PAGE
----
Why Google Glass is destined for Hyper-Reality TV

Sep 14, 2012
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Why Google Glass is destined for Hyper-Reality TV

A rather interesting video has come out this week with New York Fashion Week playing host to Google Glass technology, the ultimate product being an all-Glass shot video on the runway with designer Diane von Furstenberg. What this film "DVF Through Glass" shows us is a very real vision - one we've seen a few times before, in different formats - of what it feels like to be the subject of the film rather than watching it. Watch as you become the model walking through the dressing room and you'll see and experience Google Glass in what we thus far are understanding the project to be all about - ramming the whole world into the head of one single subject.

When you watch a reality television show like Dance Moms or Honey Boo Boo, you and thousands of other viewers watch the subjects live their lives - and perform for the camera no matter how much the show suggests that it's all taking place exactly as it would without our eyes present. With Google's Glass, we'll be able to take the place of the people in the show - and better yet, we'll only be seeing the world through the tiny Glass camera, not a film crew. In this way we'll be seeing a whole new environment.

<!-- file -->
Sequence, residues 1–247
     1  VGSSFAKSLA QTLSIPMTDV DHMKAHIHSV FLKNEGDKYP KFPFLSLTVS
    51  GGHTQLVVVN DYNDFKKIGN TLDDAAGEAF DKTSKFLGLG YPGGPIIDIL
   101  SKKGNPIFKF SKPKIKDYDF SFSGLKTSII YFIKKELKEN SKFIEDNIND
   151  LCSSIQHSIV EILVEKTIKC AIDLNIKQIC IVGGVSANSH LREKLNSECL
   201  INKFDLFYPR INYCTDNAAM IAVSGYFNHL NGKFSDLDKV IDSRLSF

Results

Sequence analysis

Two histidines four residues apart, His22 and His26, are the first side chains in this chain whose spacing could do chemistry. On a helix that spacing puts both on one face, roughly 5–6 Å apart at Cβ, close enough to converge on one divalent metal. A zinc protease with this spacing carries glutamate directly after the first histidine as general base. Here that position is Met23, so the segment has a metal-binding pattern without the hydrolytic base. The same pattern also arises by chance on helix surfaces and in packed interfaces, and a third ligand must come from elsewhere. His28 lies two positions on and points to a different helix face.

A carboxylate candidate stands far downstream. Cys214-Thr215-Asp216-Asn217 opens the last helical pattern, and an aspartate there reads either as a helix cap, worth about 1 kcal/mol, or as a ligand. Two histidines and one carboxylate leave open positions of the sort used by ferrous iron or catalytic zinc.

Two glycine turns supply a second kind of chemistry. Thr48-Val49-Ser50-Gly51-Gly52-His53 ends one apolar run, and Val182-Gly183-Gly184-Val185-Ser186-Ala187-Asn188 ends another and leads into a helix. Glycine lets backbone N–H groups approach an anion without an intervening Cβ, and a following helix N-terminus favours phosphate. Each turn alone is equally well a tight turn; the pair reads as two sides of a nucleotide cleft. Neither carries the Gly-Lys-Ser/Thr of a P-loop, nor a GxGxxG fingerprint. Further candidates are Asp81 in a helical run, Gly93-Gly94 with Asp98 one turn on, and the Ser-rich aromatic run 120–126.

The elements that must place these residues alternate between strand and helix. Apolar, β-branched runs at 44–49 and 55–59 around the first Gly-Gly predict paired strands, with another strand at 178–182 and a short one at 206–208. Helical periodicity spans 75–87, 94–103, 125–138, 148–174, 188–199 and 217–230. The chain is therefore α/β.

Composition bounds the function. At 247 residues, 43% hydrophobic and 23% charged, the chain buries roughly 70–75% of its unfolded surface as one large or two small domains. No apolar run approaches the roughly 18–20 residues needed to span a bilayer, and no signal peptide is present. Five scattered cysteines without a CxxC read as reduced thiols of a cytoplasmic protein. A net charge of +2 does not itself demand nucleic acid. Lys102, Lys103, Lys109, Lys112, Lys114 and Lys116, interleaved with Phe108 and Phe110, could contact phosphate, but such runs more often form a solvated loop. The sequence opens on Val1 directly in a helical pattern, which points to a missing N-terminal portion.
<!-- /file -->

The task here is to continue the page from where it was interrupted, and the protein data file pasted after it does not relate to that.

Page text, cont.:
The people in the show will react differently than they would with a full film crew present, and if and when they understand that Glass is what's filming them, they'll usher in another set of filmed reactions that wont have been seen by any larger camera in the past. This will be an experiment not so much in taking the place of the subject of the show, but in seeing how the subjects of the show act when they're filmed by a fellow subject rather than by a standard film crew.

Have a peek at the DVF video here first and check the reactions at this week's Fashion Week - it gets indy real quick!

Then have a peek at a couple other demonstrations from Google, first with the mother and child duo "Madame & Bebe Gayno" - cuteness!

Then have a peek at the amazingly fantastic skydive session from Google I/O 2012.


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